1. Read Your Junk Mail
Do not throw junk mail in the trash. At least, do not do it right away. Examine it, especially if it is from another industry. Look at the envelopes. What catches your attention? What seems to be a theme in direct marketing?
Open the mail. Look through it. Look at the headlines. Look at the copy. Is it written in corporate speak or conversational? Is it first, second, or third person? How is it laid out? How are graphics used? Is there a call to action? What do you think is the objective? Some of it will be really good and more will be really bad. Divide it into two piles based on what you like and do not like. Take the best piece or two and set it aside. Toss the rest.
2. Watch How Others Price
How does a quick oil change company price? See how long it takes and figure out what they are charging per hour. Remember, you are coming to them and queuing up outside their place of business. If they get more per billable hour than you do, maybe you should raise prices.
Do the same thing when you get a haircut. Do it for other services. What is the main offering? Do they try and sell up? How? What technique is used to encourage you to buy more?
Visit the big boxes. The next time you visit a DIY big box, look at the prices charged for things you get from your supply houses. Some will cost less than what you pay, though the quality may or may not be the same. Some will cost a lot more. How can you apply this information to the way you price your goods and services? Maybe a uniform mark up and billable rate in your flat rate pricing is not the way to go.
3. Look at Trucks
What vehicle wraps catch your eye? Snap pictures of them with your phone (when stopped, of course). Take pictures of the wraps you like as well as the trucks you do not.
Later, when you have time, review them. What is the difference between the attractive wraps and the ordinary? How do the good wraps stand out? What are they using the vehicle to promote? Are their phone numbers prominent? How about website URLs? Do you see multiple brands or just one? Is there a unique selling proposition?
4. Examine Social Media
Lots of ads pop up in social media. What ads catch your eye? Why? Save screenshots of the ones you like. Pay attention to the headlines.
Click on a few and see what happens. How are they incenting you to click? What are they requiring of you? What does the landing page for an ad look like?
What do companies feature on their social media pages? How do they present themselves? What’s in their news feeds? How do they try and engage people?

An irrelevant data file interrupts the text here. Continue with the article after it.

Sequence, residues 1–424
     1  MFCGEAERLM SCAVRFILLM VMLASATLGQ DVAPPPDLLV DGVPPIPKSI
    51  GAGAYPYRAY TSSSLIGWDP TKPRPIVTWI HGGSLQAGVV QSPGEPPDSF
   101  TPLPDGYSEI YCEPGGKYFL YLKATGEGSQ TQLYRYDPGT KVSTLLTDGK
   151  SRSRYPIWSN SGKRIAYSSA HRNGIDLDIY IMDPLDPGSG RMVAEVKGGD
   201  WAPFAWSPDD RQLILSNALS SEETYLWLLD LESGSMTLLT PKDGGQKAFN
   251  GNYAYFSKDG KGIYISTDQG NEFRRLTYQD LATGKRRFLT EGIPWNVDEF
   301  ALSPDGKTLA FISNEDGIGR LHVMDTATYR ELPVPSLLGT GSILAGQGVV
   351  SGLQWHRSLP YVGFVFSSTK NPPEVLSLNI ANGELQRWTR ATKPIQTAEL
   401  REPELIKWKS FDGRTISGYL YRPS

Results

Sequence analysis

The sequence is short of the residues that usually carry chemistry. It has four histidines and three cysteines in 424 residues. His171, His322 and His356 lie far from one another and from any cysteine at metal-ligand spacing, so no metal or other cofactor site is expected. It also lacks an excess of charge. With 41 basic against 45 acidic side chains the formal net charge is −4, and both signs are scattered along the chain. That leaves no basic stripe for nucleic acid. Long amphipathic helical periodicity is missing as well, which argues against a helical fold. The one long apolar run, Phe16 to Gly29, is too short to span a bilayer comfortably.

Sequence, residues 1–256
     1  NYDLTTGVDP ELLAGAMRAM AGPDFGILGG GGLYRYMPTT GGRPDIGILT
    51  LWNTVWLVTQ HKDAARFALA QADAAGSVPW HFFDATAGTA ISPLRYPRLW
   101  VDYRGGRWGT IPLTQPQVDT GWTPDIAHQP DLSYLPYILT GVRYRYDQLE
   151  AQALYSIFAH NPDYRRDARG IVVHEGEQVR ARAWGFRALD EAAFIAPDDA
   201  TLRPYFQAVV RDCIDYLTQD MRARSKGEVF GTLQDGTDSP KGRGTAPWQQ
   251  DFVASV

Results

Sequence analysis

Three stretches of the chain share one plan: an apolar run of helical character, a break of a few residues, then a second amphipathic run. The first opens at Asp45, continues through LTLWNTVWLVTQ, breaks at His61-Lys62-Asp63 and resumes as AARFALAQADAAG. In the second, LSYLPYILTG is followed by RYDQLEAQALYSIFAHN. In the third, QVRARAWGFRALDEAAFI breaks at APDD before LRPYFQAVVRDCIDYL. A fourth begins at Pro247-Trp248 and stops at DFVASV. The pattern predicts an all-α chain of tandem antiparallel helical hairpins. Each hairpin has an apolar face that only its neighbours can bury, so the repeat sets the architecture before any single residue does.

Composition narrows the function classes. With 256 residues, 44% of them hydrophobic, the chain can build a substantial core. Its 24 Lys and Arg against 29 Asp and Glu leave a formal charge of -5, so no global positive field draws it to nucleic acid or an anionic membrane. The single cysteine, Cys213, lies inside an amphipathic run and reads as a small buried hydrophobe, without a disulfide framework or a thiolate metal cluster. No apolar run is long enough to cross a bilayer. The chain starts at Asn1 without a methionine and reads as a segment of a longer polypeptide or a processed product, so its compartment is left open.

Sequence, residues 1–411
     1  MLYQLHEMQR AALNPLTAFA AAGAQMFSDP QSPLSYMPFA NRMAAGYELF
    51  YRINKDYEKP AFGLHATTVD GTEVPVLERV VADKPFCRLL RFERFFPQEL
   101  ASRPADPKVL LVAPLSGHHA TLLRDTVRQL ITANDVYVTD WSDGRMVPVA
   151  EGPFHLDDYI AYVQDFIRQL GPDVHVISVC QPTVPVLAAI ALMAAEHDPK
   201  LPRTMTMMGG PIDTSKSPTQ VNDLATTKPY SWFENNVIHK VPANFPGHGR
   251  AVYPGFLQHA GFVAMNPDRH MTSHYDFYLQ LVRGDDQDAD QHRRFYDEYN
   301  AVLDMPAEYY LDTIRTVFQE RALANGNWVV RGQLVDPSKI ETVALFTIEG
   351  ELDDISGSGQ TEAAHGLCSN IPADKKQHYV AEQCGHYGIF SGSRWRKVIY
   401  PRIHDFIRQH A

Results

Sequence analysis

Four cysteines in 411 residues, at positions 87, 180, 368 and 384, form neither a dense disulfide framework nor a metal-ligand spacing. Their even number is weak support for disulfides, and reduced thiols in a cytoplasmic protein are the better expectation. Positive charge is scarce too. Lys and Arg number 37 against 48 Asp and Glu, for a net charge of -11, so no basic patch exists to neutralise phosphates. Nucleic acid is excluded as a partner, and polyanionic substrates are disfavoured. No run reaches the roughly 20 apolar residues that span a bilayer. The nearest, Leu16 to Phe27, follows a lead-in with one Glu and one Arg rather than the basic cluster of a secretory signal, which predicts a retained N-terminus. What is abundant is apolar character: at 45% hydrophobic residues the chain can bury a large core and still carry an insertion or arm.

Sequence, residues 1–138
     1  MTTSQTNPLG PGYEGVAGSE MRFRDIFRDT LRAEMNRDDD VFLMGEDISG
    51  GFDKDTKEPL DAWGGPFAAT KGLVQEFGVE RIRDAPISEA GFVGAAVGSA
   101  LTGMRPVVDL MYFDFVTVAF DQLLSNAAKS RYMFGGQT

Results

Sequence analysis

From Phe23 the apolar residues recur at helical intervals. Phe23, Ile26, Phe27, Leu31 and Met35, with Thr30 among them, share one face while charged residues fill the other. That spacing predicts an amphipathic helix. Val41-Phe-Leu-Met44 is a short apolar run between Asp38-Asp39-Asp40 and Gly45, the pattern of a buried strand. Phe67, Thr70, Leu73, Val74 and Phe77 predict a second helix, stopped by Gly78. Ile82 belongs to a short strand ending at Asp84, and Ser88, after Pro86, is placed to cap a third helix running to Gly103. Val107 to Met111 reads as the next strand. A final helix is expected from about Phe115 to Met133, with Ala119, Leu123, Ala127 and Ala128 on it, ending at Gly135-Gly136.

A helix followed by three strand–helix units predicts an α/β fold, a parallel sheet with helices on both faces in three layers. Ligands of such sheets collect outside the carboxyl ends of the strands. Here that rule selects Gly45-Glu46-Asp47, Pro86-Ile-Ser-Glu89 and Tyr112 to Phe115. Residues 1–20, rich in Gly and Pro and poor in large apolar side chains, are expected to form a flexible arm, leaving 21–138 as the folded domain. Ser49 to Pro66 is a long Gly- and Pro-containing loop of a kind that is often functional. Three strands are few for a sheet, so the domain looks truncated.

5. Open Email
If you receive a lot of email, it’s tempting to just delete, delete, delete. On some days, take the time to open the email. What are the subject lines that get your attention? What is the return address? Does it look like it’s coming from a human being? How is it personalized to you? Save the emails that seem to catch your attention the best.
6. Look at a Home Show For Ideas
What booths stand out? How are they staffed? What are the people doing that staff the booths? What are they giving away?
Walk up to different booths and introduce yourself. Ask what works for them? Ask what their objective is? Do they want leads? Are they trying to set appointments? Do they want sales on the spot? Are they just trying to build brand awareness?
Take pictures of the booths you like. Review them later to look for the booth design, flow, lighting, headlines, and so on that are most appealing.
Build a Swipe File
Take the direct mail pieces you like, pricing strategies that are interesting, pictures of truck wraps you like, Internet advertising you like, emails you like, and home show booths you like and put them in a “swipe” file. Once a month or so, review it. Take notes on how you can use what you learn to improve your own marketing. Each time you review it, purge half, so the swipe file does not become so large it is useless.
Frankly, the best outcome of a swipe file is the change in your mentality it requires. If you build a swipe file, it forces you to pay attention to the marketing of other companies and industries. It makes you a student of marketing. That will inevitably result in better marketing for your company.
To really build your marketing and get HVAC specific ideas, join the Service Roundtable. It’s only $50 per month, without a long term commitment, and includes unlimited downloads of sales, marketing, and business management tools, the industry’s largest peer-to-peer support structure, and HVAC’s biggest and best buying group. Visit www.ServiceRoundtable.com for more information.